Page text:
Sabbatum Sanctum

by Rebecca Curtin

Lent is almost over, so it’s confession time: I don’t think I’ve ever been to a Catholic Easter Vigil on Holy Saturday, at least not one that I can remember. In fact, I first learned of the Easter Vigil when I overheard other Catholic students discuss it at Harvard Divinity School. And honestly, I didn’t think much of it. I thought it was just an evening service in celebration of the coming Easter feast.

One year ago, I read Rebecca Fullan’s beautiful piece on Holy Saturday (, and I was shocked by what I had been missing. Some websites (yes, I turned to the web to find out more) cite the Easter Vigil as the most important mass of the liturgical year for Roman Catholics. Apparently, I have been missing out, and I had no idea.

Upon exploring how I might have missed the most important mass of the liturgical year, I discovered that at the parish I grew up in, the pastor did not encourage young children to attend the Easter Vigil. During my childhood and teenage years my family always had a young child – when I left for college my youngest sibling had just turned eight years old.

But, perhaps having had younger siblings is not a very good excuse for never attending an Easter Vigil. After all, I’m an adult now, and I’m sure there have been opportunities. However, I think that in adulthood we have a predilection toward recreating the ceremonies and traditions we knew and loved in our childhood. I remember very well waiting in line for confession on the Wednesday of Holy Week, the services on Holy Thursday and Good Friday, and mass on the morning of Easter Sunday, where my family often stood cleaned and pressed, clogged and congested, in the church atrium among people we didn’t recognize, who went to church this one day out of the year. Attendance at these services has always been a part of my annual Holy Week practice, while the Easter Vigil was the hole in my Triduum that I never knew existed.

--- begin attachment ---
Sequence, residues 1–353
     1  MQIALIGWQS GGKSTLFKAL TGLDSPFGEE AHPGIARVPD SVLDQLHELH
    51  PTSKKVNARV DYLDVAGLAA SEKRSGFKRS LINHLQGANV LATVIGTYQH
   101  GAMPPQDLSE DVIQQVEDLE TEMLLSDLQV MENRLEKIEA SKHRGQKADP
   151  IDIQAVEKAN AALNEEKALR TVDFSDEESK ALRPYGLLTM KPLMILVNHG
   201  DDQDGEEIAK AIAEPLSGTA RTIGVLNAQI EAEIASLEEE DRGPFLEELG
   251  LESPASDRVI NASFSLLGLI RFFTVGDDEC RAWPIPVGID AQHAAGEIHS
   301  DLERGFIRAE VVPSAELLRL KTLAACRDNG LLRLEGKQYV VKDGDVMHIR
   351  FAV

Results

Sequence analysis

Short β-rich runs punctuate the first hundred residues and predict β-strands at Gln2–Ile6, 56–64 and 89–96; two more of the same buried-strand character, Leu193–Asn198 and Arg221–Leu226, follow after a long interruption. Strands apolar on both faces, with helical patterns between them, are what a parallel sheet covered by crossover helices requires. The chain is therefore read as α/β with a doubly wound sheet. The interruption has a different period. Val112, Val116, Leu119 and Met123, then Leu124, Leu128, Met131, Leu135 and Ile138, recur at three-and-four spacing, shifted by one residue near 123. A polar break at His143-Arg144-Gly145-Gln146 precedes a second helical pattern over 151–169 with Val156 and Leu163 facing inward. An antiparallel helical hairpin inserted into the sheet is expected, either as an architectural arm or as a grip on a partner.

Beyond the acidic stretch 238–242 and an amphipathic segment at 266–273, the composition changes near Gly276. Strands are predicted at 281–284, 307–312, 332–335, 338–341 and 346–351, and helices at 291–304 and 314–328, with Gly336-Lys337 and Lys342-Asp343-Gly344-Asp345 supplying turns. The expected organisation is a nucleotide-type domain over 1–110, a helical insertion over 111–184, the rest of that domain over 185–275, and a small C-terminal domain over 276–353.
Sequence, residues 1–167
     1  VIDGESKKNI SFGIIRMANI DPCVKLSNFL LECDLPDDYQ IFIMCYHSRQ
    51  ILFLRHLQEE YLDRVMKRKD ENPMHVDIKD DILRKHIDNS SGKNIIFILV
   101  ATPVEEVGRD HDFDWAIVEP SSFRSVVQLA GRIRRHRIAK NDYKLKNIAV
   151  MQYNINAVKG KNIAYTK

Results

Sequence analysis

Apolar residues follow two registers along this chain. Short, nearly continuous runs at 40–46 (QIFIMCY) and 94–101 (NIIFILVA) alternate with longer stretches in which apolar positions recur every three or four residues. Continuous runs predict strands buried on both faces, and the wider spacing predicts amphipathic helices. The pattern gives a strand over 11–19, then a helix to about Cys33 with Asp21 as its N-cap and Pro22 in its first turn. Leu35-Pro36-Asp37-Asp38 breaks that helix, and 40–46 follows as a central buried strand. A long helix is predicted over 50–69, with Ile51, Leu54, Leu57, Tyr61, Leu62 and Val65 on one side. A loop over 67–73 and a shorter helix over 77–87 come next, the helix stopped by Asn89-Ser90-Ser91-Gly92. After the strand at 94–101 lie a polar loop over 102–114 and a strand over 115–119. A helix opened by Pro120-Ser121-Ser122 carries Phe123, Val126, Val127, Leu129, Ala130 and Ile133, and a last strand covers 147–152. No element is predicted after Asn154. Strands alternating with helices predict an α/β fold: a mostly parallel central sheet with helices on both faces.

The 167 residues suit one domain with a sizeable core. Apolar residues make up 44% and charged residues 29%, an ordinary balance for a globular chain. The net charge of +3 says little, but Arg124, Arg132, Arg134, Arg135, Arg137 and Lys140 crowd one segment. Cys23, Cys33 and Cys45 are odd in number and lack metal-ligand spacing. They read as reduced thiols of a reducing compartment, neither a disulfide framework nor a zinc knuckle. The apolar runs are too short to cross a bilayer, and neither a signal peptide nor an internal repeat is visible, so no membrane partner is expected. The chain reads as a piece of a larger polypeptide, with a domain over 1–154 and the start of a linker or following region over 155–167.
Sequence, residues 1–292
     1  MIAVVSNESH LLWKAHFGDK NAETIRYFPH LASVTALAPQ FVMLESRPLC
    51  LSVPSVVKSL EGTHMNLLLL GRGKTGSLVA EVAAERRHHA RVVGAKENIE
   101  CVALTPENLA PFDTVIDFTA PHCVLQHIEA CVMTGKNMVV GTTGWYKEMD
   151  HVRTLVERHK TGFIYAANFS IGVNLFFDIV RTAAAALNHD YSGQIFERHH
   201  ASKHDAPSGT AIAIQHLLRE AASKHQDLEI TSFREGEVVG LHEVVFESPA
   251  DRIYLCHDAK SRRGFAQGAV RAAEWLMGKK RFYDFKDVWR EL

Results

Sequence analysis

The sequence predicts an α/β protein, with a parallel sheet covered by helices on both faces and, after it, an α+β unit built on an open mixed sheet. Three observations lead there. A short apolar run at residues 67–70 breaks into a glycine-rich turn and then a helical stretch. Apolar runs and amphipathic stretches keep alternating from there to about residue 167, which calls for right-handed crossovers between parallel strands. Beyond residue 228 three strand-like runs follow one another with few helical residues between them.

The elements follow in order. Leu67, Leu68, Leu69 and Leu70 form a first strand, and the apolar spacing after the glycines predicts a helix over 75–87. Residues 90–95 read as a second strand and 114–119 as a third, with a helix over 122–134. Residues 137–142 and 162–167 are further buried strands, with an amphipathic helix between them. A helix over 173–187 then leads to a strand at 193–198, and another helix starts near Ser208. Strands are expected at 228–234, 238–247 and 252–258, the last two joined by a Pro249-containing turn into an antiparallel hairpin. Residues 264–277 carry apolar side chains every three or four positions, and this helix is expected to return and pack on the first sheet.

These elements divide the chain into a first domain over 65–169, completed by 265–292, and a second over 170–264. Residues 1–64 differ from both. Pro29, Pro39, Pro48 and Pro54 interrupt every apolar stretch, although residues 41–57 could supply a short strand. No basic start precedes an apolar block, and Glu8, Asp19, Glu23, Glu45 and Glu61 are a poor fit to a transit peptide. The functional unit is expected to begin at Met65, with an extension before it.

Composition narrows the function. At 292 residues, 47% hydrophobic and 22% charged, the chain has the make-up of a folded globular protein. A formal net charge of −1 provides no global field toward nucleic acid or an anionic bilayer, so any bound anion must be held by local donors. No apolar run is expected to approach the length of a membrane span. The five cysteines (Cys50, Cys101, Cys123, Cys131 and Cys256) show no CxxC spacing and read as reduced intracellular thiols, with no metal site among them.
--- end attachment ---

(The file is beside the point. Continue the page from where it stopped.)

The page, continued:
And, now I find Holy Saturday rather perplexing. I had always thought of Holy Saturday as it its own day, a day of waiting, of patience, but now it seems that it is really a part of Easter Sunday. At the Easter Vigil are we celebrating the Resurrection or the fact that it will soon happen? Should we plan to attend the Easter Vigil and then another mass on Easter morning? I ask all these questions with a real sense of guilt. I should know this, right? I went to CCD and church every Sunday, sang in the church choir, was a member of the youth group, got confirmed, went to a Catholic university, and I still missed it. Could someone really be Catholic who was ignorant to the most important mass of the liturgical year?

I am always amazed at how much I don’t know about Catholicism despite lifelong practice. Perhaps, the Easter Vigil of Holy Saturday was a casualty of a rough and somewhat confused transition from Catholic child to Catholic adult. I missed this initiation into full communion with the Catholic liturgical calendar.

But, the cool thing about discovering something new as an adult is the sense of wonder and astonishment that often comes with experiencing that thing for the first time. In this way, my excitement to attend the Easter Vigil for the first time mirrors that theological anticipation with which we all experience this waiting for the Resurrection. Scared of the unknown, nervous, confused, but impatiently and with anticipation, awaiting joy, fulfillment, and spiritual delight.

Rebecca Curtin lives in Cambridge, Massachusetts and is excited to celebrate the Easter Vigil and Holy Week this year at the same time (for the first time) as her Eastern Orthodox boyfriend.


One Response

  1. I hope you liked it! 🙂 Happy Easter.

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